A barrels bolt behind a closed white door
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A barrel bolt or sliding bolt can be found on the inside of doors adding an additional layer of security, like a deadbolt. However, a barrel bolt is not as sturdy as a deadbolt and could more easily be broken by brute force. It uses a cylindrical lock that you slide into place from the inside after closing the door.

Best for: Exterior doors as a second layer of security

9. Chain Lock

A metal chain lock behind a closed door
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A chain lock is often found on the inside of hotel rooms or apartments. It slides into place like a barrel bolt but instead of using a bolt, it has a chain that stops the door from being opened even if the door knob and deadbolt are unlocked. This is usually used as a third layer of security after a door knob and deadbolt. It can't be undone by a key and must be unlatched from inside.

Best for: Exterior doors as a third layer of security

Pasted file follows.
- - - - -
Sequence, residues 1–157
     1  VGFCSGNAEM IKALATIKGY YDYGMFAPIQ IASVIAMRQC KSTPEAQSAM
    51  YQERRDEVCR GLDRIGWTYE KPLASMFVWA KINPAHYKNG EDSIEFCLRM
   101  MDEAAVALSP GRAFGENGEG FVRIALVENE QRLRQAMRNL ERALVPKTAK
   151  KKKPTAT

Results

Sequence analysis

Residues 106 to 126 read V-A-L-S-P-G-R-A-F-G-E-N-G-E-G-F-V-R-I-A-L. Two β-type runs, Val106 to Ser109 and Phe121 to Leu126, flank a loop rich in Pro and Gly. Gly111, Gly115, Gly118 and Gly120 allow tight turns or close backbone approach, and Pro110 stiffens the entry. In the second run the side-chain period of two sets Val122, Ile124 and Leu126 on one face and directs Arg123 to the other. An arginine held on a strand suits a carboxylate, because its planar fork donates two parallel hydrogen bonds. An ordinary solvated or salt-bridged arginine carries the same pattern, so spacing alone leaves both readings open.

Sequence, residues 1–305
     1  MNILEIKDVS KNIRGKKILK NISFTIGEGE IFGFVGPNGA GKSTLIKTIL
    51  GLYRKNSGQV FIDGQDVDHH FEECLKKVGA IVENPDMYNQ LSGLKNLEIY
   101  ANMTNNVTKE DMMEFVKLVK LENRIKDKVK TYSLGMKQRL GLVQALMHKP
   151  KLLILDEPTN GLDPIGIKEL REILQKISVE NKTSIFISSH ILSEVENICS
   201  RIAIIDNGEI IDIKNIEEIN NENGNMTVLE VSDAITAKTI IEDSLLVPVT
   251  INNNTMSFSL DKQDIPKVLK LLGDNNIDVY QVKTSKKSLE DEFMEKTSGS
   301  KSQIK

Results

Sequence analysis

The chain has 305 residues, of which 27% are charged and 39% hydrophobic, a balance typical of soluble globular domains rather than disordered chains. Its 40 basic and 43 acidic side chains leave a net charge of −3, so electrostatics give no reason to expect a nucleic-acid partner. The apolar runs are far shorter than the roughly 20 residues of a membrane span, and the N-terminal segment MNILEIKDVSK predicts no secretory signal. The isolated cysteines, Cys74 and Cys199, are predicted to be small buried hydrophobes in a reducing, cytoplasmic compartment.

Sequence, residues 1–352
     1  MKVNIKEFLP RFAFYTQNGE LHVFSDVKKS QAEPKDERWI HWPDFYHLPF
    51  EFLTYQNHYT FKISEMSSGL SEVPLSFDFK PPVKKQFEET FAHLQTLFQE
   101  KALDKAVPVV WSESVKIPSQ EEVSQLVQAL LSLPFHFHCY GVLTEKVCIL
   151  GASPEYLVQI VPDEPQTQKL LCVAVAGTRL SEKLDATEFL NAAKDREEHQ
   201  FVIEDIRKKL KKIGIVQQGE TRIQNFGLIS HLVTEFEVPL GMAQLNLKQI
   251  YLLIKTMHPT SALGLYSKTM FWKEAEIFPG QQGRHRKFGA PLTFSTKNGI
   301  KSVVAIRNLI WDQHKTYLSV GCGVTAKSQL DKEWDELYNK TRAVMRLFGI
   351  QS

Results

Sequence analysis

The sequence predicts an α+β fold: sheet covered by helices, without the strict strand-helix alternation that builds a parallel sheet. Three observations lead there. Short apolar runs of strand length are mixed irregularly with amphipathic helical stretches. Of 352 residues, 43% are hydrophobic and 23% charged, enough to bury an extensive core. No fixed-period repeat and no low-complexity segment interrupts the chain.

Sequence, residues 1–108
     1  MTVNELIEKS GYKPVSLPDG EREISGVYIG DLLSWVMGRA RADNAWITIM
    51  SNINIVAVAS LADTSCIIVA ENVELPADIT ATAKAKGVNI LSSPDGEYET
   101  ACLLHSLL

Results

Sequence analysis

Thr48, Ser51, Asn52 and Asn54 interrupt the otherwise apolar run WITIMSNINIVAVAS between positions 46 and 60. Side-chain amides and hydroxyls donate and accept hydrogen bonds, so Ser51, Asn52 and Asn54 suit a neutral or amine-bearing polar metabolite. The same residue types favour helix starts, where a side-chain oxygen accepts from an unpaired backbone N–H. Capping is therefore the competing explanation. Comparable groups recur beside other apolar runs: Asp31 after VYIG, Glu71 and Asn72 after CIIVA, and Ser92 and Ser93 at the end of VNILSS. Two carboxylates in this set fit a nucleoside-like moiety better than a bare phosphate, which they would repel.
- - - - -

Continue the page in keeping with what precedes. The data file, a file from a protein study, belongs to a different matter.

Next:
10. Padlock

A padlock securing a grey door
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A simple padlock is rarely used on doors. Instead, they're used for securing lockers and storage unit doors. Padlocks aren't physically attached to what they're latching, and so you can take them anywhere. They work by closing a loop around a solid object. Some are very small and some can be quite large depending on what objects it needs to secure.

Best for: Lockers, storage units, sheds, fences, bicycles, and anything else without an installed lock that needs to be secured

A Locksmith Can Help You Settle on a Solution

You can install locks on your own, but they can be complex mechanisms that may require a professional for installation. That's especially true if you're getting something sophisticated like an electronic or smart lock.

You should also consult with a professional locksmith near you if you are considering which locks to install in which parts of the house. They can break down the various types of locks, the differences between the brands, the benefits and drawbacks they have, and how much you can expect to pay for each.